Love in a Lunch Pail

I like to eat; it’s a fact. I like food most often found at church potluck which is indicative of my upbringing both as it pertains to faith and to sustenance. There is something deeper about food, however, it’s more about safety and comfort and having enough than just being full. These are feelings most people discover in their mother’s kitchen and are created by the lady in charge, who at our house was my mother, Alice Nelson.

 

My mom has always been a great cook; she cooked three meals per day from her little kitchen at our farm near Viking for a family of seven which included four boys. Mom made grade school treats, massive holiday suppers and hearty field lunches during harvest; I guess you could say she was a triple threat.

 

I don’t know if kids bring treats to school on their birthday anymore, I really doubt it. I would guess there is a rule against it because of someone with more time than common sense really wanted to “flex their muscles” at the PTA (does that exist?) meeting. As a child, I would have been a social failure if I hadn’t provided rice krispie bars or brownies for everyone on my birthday. We lived close to town, so my mom would always haul them in so that made the day extra nice.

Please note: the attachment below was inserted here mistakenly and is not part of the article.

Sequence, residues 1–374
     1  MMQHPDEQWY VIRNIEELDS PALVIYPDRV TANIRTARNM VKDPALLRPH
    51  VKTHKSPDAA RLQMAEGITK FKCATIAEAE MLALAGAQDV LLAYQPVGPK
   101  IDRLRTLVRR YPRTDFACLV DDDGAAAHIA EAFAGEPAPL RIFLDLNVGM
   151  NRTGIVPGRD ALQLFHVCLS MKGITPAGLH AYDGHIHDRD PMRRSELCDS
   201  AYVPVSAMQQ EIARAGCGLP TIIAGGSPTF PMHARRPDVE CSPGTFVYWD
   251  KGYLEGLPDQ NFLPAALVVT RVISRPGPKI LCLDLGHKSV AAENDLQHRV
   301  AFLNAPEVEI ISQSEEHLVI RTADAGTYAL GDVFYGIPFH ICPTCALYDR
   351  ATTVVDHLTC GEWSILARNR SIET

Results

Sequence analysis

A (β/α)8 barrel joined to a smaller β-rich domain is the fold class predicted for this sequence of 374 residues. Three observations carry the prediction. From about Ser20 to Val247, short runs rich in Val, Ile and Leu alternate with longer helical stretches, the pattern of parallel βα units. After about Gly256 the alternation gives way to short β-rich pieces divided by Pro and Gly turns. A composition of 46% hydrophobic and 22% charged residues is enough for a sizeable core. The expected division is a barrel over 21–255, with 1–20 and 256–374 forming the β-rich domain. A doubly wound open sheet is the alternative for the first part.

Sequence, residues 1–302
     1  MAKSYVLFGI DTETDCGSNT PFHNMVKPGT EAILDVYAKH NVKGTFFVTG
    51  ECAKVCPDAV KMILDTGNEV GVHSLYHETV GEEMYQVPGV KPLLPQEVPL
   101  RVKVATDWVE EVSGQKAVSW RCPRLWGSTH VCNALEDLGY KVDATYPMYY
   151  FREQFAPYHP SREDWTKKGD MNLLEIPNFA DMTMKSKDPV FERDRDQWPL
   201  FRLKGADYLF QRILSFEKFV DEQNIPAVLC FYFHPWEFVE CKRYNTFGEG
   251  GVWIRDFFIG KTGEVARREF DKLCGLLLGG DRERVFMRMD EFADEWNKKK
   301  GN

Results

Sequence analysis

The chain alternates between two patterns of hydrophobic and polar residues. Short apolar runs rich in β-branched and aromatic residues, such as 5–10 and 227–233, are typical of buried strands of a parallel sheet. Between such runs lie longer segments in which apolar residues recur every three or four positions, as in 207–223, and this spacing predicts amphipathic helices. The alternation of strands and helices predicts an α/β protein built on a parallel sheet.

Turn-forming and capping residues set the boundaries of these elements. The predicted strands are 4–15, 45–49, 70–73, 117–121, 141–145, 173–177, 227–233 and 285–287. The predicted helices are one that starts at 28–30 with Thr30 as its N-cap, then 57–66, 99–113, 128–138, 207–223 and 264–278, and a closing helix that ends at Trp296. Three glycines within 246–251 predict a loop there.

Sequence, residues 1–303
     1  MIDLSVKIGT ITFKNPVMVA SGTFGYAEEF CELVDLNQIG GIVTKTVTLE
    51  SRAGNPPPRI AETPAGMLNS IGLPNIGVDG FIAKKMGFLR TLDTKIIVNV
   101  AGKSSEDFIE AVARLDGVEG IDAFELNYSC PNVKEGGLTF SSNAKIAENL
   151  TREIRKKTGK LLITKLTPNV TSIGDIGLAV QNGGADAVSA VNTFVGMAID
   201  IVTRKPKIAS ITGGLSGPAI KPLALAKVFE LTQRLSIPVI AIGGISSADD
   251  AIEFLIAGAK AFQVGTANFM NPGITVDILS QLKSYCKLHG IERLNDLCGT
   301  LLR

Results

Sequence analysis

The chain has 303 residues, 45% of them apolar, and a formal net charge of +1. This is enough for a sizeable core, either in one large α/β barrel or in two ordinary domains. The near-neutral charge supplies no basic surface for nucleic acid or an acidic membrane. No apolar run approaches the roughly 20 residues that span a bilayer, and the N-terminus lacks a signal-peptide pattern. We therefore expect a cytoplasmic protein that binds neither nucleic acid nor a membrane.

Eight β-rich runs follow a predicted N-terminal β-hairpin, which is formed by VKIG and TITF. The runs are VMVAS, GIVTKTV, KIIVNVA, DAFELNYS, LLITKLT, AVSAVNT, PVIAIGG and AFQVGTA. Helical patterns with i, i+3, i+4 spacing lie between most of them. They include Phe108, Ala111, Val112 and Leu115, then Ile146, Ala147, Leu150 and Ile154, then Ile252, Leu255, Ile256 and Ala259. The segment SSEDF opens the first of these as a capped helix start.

My mom really showed her character under the primitive conditions of the field lunch- meals prepared at home then delivered to hungry, dusty men busy at harvest. I remember riding out to the field in our old station wagon as a kid and how much fun it was to eat outdoors with all the men. As I grew older and became the baler operator, I remember how much I loved seeing our yellow Ford car come out with lunch. I was like one of Pavlov’s dogs when mom brought out lunch and to this day I still salivate at the sight of a yellow Ford Galaxy 500.

 

No one packed a lunch like my mom. Viking Elementary occasionally would take us on a trip which required that we eat lunch on the road. I remember very few of the destinations but the lunches were outstanding; fresh buns, summer sausage, cheese, some chips and a sweet. Mom packed lunch in a five quart ice creams pail that held everything in until I pulled off the lid and released a blitz of delicious smells with my nose as the quarterback.

 

Christmas was was like a Broadway production; my mom worked for days prior to the big supper preparing cookies, colaches, lefse, flat bread and krumkake. Christmas Eve began at noon in the kitchen as painstaking preparation was required so that mom’s stove could make everything ready at the same time. I still love the idea of several different dishes, all with different baking times, finishing at the same time to perfection in one oven because it shows such care and expertise-plus it smells so good. My mom combined foods from the cultures of her childhood and my father’s childhood to create memories of my childhood that I cherish today.

 

In the end, my mom’s cooking was more than food. I think the more you need something, the more you appreciate the person who satisfies that need. You can’t live long without food so it’s important but I think, for someone like my mom, the food was just the method; what she really was providing was love
 

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